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The diagnosis of scabies by non-expert examiners: A study of diagnostic accuracy

  • Millicent H. Osti,

    Roles Conceptualization, Data curation, Formal analysis, Methodology, Writing – original draft, Writing – review & editing

    Affiliations Tropical Diseases, Murdoch Children’s Research Institute, Melbourne, VIC, Australia, Department of Paediatrics, University of Melbourne, Melbourne, VIC, Australia, Melbourne Children’s Global Health, Melbourne, VIC, Australia

  • Oliver Sokana,

    Roles Writing – review & editing

    Affiliation Ministry of Health and Medical Services, Honiara, Solomon Islands

  • Christina Gorae,

    Roles Writing – review & editing

    Affiliation Ministry of Health and Medical Services, Honiara, Solomon Islands

  • Margot J. Whitfeld,

    Roles Investigation, Writing – review & editing

    Affiliations Department of Dermatology, St Vincent’s Hospital, Sydney, NSW, Australia, School of Medicine, University of New South Wales, Sydney, NSW, Australia

  • Andrew C. Steer,

    Roles Methodology, Supervision, Writing – review & editing

    Affiliations Tropical Diseases, Murdoch Children’s Research Institute, Melbourne, VIC, Australia, Department of Paediatrics, University of Melbourne, Melbourne, VIC, Australia, Melbourne Children’s Global Health, Melbourne, VIC, Australia, Department of General Medicine, Royal Children’s Hospital, Melbourne, VIC, Australia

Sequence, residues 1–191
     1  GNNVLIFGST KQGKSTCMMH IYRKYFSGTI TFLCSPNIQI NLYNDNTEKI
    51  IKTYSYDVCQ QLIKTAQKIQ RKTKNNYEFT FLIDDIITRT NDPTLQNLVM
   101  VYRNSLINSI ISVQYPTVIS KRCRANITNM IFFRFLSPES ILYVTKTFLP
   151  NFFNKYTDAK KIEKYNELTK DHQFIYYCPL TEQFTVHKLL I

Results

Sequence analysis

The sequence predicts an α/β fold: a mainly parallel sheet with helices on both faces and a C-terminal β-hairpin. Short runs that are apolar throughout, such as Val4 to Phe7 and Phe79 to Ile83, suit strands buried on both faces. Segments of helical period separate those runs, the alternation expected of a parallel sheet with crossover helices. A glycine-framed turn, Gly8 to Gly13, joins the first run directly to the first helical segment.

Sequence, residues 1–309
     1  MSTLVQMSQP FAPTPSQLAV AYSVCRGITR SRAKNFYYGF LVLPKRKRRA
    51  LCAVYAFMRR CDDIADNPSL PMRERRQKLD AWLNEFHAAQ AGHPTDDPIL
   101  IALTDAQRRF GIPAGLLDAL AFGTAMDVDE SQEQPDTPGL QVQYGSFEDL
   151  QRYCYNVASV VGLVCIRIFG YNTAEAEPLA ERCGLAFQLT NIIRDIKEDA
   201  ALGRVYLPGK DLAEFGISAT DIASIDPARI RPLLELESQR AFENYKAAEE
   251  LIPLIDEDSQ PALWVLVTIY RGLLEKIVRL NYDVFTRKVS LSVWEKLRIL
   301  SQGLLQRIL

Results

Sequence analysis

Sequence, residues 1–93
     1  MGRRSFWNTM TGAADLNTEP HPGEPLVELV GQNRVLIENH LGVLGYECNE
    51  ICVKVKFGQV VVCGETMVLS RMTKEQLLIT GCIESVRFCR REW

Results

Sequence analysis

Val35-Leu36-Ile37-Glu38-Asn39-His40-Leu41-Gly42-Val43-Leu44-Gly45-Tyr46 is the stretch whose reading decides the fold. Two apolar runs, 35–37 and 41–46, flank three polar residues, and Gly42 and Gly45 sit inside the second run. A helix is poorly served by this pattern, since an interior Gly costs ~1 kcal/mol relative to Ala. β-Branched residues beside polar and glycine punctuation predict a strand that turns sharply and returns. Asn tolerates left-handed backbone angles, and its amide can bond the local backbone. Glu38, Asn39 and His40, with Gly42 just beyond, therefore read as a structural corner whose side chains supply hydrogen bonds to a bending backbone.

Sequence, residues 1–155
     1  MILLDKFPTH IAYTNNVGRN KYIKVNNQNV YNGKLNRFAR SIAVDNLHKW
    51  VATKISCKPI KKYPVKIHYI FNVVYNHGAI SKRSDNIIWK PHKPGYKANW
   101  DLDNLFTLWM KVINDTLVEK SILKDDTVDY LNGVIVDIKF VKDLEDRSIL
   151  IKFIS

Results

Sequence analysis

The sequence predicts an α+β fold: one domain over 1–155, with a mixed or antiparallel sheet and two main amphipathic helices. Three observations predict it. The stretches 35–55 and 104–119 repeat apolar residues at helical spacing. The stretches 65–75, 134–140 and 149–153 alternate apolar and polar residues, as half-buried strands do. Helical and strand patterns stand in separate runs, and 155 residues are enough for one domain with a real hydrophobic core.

• Daniel Engelman

    Roles Conceptualization, Formal analysis, Investigation, Methodology, Supervision, Writing – review & editing

    Affiliations Tropical Diseases, Murdoch Children’s Research Institute, Melbourne, VIC, Australia, Department of Paediatrics, University of Melbourne, Melbourne, VIC, Australia, Melbourne Children’s Global Health, Melbourne, VIC, Australia, Department of General Medicine, Royal Children’s Hospital, Melbourne, VIC, Australia



Although scabies is estimated to be one of the most common skin conditions globally, prevalence data is not available in most settings. Disease mapping is required to develop and monitor successful control programs. Non-expert health workers are likely to play an important role in scabies mapping activities in endemic settings.


Four non-expert health workers were trained in the diagnosis of scabies and impetigo. The health worker diagnosis was compared to a reference consensus diagnosis of two doctors experienced in diagnosis. The study was conducted in a primary school in Gizo, Solomon Islands, in August 2018. The six examiners consecutively assessed school students, blinded to each other’s findings. Training and diagnostic procedures followed criteria for scabies diagnosis established by the International Alliance for the Control of Scabies in 2018.

Principal findings

Amongst the 171 students who underwent clinical assessment the prevalence of scabies and impetigo according to the reference standard was 55% and 45% respectively. Sensitivity of the non-expert health workers’ diagnosis compared to the reference standard was 55.3% for scabies (95% confidence interval [CI], 50.1–60.4) with a specificity of 89.9% (95% CI 86–93.1) and 52.6% for impetigo (95% CI 46.9–58.3) with a specificity 97.8% (95% CI 95.7–99). Sensitivity for moderate to severe scabies was 93.5% (95% CI 86.3–97.6) with a specificity of 74% (95% CI 70.2–77.5).


Following brief training, the diagnostic accuracy of non-expert health workers for scabies and impetigo was promising, especially for moderate to severe disease. Modifications to training and processes are recommended to further improve accuracy. The diagnosis by non-expert health workers may be acceptable for scabies and impetigo mapping in endemic areas.

Author summary